After a slow first five months, I'm back to blogging in earnest. In the forthcoming few months I plan to keep on tracking the blooming of wildflowers, the activities of bugs and reptiles and any other critters I'm quick enough or lucky enough to photograph, and to comment on ecological relationships. Since there is an increasing sense of ecological crisis among many people and more vigorous denial of such on the part of others, I will inevitably comment on the social and political dimensions of survival as I see them.
I am still an adjunct instructor in the English Department at Feather River College, but time permitting, I am available for hire as a nature guide in the region in and around Plumas County. A brochure describing my usual kinds of natural history adventures is in development. Email me c/o email@example.com with your mailing address and a statement of interests, and I'll send you a rough draft.
I have been teaching since 1965 and have recently joined the English Department as an Associate Faculty member at Feather River College. Recently taught Nature Literature in America and am currently teaching Interpersonal Communication and Basic Reading and Writing.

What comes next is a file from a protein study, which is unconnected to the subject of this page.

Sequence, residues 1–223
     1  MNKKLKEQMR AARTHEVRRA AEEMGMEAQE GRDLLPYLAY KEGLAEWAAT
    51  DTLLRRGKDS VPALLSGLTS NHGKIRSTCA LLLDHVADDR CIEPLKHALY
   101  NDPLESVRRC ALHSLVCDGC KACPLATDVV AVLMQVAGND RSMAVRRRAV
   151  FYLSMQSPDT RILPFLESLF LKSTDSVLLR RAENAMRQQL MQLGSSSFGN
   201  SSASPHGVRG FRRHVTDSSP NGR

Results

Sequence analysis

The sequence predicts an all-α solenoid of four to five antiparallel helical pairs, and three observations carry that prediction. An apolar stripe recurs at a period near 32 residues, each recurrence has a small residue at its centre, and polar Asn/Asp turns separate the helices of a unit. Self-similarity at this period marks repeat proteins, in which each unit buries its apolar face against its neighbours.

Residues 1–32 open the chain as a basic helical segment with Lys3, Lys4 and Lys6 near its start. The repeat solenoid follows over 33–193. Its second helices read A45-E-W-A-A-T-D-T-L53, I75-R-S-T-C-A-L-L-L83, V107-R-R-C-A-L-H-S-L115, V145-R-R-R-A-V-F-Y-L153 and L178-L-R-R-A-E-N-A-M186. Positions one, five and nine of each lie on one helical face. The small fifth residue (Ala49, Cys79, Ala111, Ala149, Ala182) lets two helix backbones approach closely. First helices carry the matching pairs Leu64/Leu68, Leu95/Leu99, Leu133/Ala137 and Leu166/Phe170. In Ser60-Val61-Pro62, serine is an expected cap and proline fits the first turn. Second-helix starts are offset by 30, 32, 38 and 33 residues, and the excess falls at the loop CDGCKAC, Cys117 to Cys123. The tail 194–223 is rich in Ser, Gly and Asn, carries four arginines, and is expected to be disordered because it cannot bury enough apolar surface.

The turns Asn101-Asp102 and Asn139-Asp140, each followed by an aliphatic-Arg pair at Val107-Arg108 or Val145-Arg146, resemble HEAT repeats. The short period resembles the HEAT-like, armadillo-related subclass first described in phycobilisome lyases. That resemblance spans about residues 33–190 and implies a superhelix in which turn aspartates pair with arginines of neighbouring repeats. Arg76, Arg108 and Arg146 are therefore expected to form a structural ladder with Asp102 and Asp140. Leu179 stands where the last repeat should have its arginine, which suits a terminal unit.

I was thinking about Yogi Berra's advice when I walked from my car up to my office yesterday. If I had walked fast, I wouldn't have noticed any of the following. Large patches of green, heart-shaped leaves look like a flowerless ground cover, but being a great fan of this particular plant, I spotted the little red dot (above photo) below the ground cover. I put down my backpack, lunch box, handful of books, and camera bag, and moved in for a close-up (below). Lemmon's Wild Ginger is one of those
small delights that most people walk by without noticing. Click on these photos for closer views.
Also blended in with the surrounding greenery, especially the much taller grass, is a sprinkling of Western Dog Violets, our only violet violet.
Below as a broader view of a patch of ginger. This is the way it looked when I approached. Can you see that red speck? In wetter years, the green cover is continuous and none of the flowers would be visible. You'd have to know they were there and start parting leaves to look for them. There's always a chance you'll find other interesting things - bugs, snails, snakes, etc.
Another attractive, but tiny flower along the path was the Blue-eyed Mary. These blossoms are around 1/4" wide.
The early morning dew formed on every branch of this horsetail and it looked like a tower of jewels. Very nice. There was no water flowing in this ditch as there should be, but there must be some close to the surface as this year's crop of horsetails looked OK.